We were reminded last night that Ontario hospitals live in very different realities from each other. When University Health Network CEO Bob Bell has a casual chat with Health Minister Deb Matthews, it is a very different reality from that experienced by many regional hospital CEOs.
Last night’s occasion: the annual general meeting of the Toronto General & Western Hospital Foundation – one of several foundations associated with the Toronto University Health Network (UHN).
This is a foundation that has successfully recruited from the city’s “high value” donors and pulled in a staggering $75.9 million dollars in 2012-13. Most of that money will be put towards cutting edge research that is producing laudable results.
There were many questions but few detailed answers during the first telephone town hall meeting to discuss the possible merger of The Scarborough Hospital and the Rouge Valley Health System.
The hospitals report that 8,300 people participated, although the one-hour time frame only allowed for 17 callers to pose questions. Two additional callers disappeared while waiting in the queue.
Perhaps the most interesting point the hospitals made was one of omission. Several times during the call the hospital CEOs emphasized that no emergency rooms would close, all four sites would remain open, and that existing patient care services would continue to be delivered at Rouge. No such parallel service commitment was made around The Scarborough Hospital.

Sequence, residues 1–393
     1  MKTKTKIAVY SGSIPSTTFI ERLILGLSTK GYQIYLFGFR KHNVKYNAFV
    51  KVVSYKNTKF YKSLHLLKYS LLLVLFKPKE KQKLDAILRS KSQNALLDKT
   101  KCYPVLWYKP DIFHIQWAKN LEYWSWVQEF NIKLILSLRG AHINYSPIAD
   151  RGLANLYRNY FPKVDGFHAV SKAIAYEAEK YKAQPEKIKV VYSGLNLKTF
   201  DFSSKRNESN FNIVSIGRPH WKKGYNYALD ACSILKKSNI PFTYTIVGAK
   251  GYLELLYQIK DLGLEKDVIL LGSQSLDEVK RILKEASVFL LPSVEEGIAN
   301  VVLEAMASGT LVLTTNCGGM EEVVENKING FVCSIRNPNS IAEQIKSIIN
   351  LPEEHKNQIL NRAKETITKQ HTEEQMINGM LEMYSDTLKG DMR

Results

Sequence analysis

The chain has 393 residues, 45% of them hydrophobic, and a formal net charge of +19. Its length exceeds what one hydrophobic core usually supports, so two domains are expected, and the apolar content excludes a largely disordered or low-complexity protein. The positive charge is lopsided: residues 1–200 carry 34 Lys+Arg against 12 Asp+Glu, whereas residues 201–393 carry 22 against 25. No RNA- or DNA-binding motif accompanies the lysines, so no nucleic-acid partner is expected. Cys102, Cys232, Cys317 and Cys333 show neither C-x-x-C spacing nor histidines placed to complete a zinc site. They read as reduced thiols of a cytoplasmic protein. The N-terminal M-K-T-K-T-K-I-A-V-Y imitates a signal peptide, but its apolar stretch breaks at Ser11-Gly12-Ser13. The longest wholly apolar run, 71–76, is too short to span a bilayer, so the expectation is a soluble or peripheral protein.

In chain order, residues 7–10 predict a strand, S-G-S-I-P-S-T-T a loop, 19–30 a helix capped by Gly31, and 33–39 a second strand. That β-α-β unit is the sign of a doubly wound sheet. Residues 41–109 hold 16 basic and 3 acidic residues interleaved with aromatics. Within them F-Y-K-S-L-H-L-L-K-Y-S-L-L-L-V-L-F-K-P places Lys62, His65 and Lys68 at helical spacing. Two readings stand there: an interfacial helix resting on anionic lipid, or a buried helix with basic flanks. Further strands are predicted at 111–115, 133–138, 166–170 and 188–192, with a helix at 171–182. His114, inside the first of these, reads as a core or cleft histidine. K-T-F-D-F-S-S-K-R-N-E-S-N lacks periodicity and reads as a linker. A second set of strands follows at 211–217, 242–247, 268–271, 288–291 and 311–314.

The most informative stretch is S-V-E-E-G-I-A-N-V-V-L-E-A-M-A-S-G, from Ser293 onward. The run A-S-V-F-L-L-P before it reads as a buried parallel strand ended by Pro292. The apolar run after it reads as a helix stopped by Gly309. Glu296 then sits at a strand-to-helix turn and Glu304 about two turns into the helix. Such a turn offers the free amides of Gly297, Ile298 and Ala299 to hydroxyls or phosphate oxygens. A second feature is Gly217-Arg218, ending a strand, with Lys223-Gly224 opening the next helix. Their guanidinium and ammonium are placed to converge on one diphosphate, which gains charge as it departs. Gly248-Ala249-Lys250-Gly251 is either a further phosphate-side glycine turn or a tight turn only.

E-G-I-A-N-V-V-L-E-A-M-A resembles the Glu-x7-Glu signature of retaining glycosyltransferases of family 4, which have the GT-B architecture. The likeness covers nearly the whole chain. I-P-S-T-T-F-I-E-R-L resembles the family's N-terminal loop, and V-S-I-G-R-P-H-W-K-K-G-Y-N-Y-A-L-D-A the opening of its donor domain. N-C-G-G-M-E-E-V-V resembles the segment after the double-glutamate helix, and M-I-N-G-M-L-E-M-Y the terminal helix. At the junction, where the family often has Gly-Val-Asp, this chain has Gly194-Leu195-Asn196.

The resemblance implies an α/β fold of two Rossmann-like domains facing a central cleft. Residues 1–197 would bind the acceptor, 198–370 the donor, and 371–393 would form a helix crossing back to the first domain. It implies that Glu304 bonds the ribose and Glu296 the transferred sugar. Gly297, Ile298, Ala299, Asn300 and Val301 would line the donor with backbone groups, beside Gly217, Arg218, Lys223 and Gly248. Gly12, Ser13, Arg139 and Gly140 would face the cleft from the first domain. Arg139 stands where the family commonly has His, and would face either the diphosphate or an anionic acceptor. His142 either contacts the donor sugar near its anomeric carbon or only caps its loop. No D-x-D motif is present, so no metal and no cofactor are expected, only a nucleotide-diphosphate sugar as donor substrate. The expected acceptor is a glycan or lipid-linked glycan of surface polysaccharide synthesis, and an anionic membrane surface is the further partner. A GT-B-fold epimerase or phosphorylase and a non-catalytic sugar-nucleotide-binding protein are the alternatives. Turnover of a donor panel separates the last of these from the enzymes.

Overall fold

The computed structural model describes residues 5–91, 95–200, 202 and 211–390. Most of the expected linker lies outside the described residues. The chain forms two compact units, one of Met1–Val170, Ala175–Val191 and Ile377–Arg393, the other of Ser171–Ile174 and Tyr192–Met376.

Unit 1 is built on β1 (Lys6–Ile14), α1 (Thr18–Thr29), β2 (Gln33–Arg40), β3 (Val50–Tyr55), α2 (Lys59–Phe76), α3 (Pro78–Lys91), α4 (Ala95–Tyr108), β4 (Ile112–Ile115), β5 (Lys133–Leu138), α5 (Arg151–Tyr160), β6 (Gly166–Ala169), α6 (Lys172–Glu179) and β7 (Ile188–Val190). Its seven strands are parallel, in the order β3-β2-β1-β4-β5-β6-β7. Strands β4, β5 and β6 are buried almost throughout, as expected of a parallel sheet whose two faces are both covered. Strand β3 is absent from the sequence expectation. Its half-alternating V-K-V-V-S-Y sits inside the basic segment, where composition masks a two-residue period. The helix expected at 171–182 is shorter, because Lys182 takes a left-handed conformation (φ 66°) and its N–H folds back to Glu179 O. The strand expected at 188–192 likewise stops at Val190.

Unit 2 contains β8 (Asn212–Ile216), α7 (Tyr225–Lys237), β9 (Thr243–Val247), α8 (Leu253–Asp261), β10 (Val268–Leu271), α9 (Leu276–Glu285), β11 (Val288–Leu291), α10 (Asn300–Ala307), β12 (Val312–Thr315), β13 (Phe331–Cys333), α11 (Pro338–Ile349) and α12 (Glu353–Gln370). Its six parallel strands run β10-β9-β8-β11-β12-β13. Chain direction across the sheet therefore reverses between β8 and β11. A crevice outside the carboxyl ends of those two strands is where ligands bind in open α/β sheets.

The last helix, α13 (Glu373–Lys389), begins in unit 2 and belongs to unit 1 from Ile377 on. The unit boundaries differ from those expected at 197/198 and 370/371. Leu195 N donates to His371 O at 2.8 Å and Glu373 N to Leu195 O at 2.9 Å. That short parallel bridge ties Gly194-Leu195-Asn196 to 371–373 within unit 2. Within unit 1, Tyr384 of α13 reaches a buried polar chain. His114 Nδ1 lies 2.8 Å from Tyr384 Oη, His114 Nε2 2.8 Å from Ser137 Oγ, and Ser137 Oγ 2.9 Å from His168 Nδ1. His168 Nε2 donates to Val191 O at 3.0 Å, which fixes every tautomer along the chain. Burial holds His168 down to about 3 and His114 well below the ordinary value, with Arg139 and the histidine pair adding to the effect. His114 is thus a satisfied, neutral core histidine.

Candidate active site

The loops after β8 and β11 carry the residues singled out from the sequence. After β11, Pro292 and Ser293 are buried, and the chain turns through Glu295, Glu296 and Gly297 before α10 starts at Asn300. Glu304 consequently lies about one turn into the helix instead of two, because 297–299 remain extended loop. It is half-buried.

The hospital CEOs appear convinced that the merger of the two hospitals will deliver efficiencies of scale and allow them to reduce administrative costs. No examples of other hospital mergers were given as evidence that this can work. One caller specifically asked how this would be different from previous GTA mergers, such as that of North York-Branson? As if to confirm their fears, Rouge CEO Rik Ganderton said that it had taken them some time to “consummate” the original merger between Centenary and Ajax-Pickering hospitals.
This is an issue the community should push on given the track record of Ontario hospital mergers has been spotty. In Niagara, for example, there is discussion that perhaps the merged Niagara Health System is too large to be workable.
Last week we wrote about a possible Scarborough-Rouge Valley hospital merger that threatens an innovative local food program.
We tweeted our story to Toronto chef Joshna Maharaj , a rising star in the culinary scene who served as a consultant on The Scarborough Hospital food service initiative.
Maharaj has posted her own comments, calling this potential situation “bad news for good food in hospitals.”
She writes on her blog “We cannot let business decisions stand in the way of what is truly best for patients in this case. We cannot continue to allow our health care system to serve its budgets before it serves the people.”
We couldn’t have said it better.
You can view Joshna’s complete post by clicking here.
You can also participate in one of two open telephone town halls the two hospitals are conducting. You do need to sign up in advance (click here). The first town hall is on September 24 at 7:10 pm, the other October 8 at 7:05 pm.
The Scarborough Hospital has been an innovator in food services at its main campus. Last year it garnered considerable media attention by bringing in a consulting chef to work with the hospital in developing a menu that would feature locally grown foods that are prepared from scratch in their kitchens.